Setsubun Festival in Japan
Now it has come the second month of year and we hope you have been well.
According to a calendar, we are in the spring as of 4th February, culturally called 立春(rissyun).
It has been nice and warm in Kyoto since then, we are feeling the incipient mood for spring.
The day before the first day of spring, called Setsubun, is a special day in Japan.
The word stands for the division between four seasons, although most Japanese may only recognize it as the one in February today.
In the old calendar of Japan, New Year was in February and this Setsubun was therefore New Year’s Eve. There had been an original ritual of spiritual purification for both ending and upcoming year held in the imperial palace during Heian era. Had prevailed and developed afterwards, an iconic tradition of the event introduced and it became widespread to folks.
According to folklore, when Japanese legendary demon Oni appeared once in Kurama, Kyoto, the people managed to drive it away by throwing roasted soybeans. Given Oni as evil spirits that bring illness and misfortune and the beans as seals against it, it is believed that eating the beans as many as your age keeps you away from them. People also throw the beans in their houses or at the entrance of house to ward off mishaps.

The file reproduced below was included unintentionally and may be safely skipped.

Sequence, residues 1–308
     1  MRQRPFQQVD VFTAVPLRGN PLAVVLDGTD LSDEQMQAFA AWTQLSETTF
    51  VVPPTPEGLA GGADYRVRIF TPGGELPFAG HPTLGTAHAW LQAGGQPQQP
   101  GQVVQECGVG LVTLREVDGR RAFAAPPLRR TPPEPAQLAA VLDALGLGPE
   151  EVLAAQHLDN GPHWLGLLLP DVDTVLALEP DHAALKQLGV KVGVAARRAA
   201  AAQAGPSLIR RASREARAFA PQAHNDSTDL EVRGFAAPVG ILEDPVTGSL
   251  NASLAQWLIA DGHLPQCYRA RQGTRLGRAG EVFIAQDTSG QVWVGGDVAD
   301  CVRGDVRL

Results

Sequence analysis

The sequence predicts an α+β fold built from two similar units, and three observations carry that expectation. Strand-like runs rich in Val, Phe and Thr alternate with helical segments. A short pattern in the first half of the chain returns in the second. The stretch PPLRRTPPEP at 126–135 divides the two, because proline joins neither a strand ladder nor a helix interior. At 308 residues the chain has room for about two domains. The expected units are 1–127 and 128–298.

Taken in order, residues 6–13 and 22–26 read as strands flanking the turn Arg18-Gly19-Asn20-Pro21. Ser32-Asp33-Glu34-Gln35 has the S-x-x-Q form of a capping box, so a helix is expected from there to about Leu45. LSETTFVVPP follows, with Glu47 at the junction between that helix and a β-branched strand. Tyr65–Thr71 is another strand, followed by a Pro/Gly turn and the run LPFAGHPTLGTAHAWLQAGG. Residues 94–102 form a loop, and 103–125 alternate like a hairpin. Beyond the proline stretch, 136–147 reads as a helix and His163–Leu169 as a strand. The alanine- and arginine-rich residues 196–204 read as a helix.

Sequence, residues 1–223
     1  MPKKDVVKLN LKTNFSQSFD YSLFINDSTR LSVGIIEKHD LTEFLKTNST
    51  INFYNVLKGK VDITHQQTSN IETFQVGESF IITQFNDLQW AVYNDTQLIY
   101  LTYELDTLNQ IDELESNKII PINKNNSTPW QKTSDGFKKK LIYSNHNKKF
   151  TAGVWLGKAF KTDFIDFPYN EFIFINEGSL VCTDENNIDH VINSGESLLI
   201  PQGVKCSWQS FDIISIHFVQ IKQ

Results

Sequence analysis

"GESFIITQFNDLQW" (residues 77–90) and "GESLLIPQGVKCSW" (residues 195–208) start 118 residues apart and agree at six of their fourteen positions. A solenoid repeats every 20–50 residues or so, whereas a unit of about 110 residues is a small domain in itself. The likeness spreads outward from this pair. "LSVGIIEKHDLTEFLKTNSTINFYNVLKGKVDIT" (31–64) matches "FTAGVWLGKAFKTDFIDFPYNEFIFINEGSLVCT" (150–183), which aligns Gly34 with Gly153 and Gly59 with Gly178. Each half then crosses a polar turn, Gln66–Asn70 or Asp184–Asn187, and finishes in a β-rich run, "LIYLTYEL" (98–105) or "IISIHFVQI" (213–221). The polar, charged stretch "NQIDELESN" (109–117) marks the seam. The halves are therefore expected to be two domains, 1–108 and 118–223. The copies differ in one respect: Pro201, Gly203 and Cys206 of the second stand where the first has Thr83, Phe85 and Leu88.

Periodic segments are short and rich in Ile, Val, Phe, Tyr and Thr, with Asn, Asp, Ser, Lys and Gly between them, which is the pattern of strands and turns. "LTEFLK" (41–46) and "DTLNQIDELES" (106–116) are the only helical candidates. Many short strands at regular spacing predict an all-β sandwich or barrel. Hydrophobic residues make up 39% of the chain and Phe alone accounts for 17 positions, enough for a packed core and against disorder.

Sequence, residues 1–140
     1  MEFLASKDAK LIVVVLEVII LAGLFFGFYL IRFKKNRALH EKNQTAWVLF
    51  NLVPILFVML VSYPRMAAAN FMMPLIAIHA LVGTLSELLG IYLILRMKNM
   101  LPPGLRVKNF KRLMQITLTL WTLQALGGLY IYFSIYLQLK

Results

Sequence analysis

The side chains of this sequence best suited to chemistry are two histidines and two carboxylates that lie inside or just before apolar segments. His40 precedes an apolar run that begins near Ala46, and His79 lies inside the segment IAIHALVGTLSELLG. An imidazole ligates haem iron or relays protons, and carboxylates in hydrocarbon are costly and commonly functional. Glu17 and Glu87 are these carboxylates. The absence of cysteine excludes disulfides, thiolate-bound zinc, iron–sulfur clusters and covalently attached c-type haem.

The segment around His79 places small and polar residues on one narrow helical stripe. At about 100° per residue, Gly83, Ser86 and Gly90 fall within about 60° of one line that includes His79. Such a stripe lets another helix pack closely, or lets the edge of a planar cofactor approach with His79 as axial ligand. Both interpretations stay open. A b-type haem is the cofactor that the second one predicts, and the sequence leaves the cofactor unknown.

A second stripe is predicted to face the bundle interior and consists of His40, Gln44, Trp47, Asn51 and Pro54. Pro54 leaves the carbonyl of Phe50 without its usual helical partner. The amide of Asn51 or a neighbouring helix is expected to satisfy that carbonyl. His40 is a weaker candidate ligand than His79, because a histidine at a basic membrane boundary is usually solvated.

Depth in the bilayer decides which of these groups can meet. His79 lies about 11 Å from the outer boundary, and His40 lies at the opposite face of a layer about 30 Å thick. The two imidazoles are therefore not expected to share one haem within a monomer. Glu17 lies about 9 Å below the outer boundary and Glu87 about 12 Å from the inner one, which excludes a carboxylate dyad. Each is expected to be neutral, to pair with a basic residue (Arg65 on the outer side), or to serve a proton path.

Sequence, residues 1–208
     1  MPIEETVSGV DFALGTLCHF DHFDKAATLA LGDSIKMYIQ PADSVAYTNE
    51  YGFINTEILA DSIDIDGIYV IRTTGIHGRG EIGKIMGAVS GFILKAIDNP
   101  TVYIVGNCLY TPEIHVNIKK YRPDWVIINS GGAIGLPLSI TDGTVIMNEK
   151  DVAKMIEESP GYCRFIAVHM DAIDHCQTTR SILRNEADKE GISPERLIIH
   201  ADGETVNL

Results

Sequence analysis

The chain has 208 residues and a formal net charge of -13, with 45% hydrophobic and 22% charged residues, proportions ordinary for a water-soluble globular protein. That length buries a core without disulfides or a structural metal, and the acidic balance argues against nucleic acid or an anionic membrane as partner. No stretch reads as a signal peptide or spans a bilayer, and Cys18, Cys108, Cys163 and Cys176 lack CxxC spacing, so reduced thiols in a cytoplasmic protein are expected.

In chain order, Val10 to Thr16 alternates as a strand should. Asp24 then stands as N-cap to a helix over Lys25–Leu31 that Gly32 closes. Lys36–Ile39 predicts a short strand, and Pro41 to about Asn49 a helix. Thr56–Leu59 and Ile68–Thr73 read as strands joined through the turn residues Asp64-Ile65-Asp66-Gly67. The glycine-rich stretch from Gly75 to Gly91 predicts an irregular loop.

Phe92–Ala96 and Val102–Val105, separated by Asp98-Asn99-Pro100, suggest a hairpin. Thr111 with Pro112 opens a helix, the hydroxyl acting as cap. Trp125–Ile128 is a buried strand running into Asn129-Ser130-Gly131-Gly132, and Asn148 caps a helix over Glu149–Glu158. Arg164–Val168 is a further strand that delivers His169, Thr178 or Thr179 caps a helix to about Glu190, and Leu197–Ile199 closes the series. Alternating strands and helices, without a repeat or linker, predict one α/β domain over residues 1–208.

On this particular day, people typically eat thick rolled sushi called Eho Maki.
There is a tradition in eating this; You must eat in silence and make a wish with your eyes closed, facing to Eho (the fortunate direction of a year), eat up a whole uncut roll.
We hope you enjoy such seasonal, cultural experience in Kyoto while staying at our hotel located in the center of Kyoto.
Thank you for reading and see you soon.